Some nice seawater...

A Welsh beach in summer, with atypical sunshine.

Well here I am, this is my blog. The ‘gravatar’ is one of my dogs, Hamish, who is much prettier than me.

I am an environmental journalist and have been for some centuries, or so some people think. I write a lot about water, for some rather wonderful publications that somehow put up with me. For that I thank them from the bottom of my crusty old heart.

Like many journalists, I suffer from the vice of Googling myself. This is not yet illegal, though some governments are working on it. Usually, all I find are links to articles I’ve written (which is good) but yesterday I found a webpage which lambasts a small news story on a UN report on oceans and climate change. Not good!

The poor little blameless story, which simply summarises the report’s findings, is lambasted as ‘highly inaccurate’ and ‘climate change brainwash’.

Since the opinion is from a Learned Doctor and I am only a Grumpy Green Granny, far be it from me to argue. But my simple brain cannot quite wrap itself round one of his arguments about seawater entering aquifers (Basically rocks that hold water, like a big rocky sponge. Water utilities pump it up for drinking). Apparently salt water getting into freshwater aquifers is a Good Thing.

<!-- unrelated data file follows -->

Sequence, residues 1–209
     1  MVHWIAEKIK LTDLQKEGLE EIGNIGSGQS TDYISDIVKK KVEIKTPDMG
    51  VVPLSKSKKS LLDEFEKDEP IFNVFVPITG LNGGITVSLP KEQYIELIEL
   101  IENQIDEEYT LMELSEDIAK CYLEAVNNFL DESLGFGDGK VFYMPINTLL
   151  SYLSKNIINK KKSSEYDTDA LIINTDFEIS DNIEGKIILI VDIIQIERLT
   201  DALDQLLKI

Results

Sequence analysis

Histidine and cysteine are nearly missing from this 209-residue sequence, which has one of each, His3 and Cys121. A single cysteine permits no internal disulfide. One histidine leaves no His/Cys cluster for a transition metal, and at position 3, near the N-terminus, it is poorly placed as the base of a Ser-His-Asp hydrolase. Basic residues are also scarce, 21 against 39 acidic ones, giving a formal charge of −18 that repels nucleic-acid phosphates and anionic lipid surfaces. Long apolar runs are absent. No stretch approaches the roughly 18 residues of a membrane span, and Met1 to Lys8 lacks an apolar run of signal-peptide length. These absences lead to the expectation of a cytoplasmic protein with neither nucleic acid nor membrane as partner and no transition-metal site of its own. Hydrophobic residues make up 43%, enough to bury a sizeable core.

The learned chap says, and I quote: ‘any intrusion of seawater into freshwater aquifers raises (not lowers) the freshwater water table. That’s a simple consequence of the physics, i.e. higher density of saltwater compared to freshwater. Therefore, any such freshwater reservoir will not diminish in size or volume by any seawater intrusion, it will just become raised.’

So, as I understand it, he is saying that the heavier seawater will simply push the freshwater up – there will be more water, and it will be closer to the surface and handier for us to reach. Oh deep joy! Break out the furnaces, onward with climate change!

But hang on a tick. I vaguely remember some physics too, or is it cookery? It is to do with mixing. You can test this yourself at home. Mix two tablespoons of salt with 100ml of water. Then add 200ml of freshwater.

Look carefully to see if you can see the helpful saltwater pushing up the freshwater. Take a sip (carefully! I don’t want anyone’s mother writing to me to complain I’ve made their child sick!). Does it taste fresh to you? No, I didn’t think so… And neither will your aquifer. It may take a bit longer, particularly if you don’t use a spoon, but it will happen. Is this a Good Thing? You tell me!

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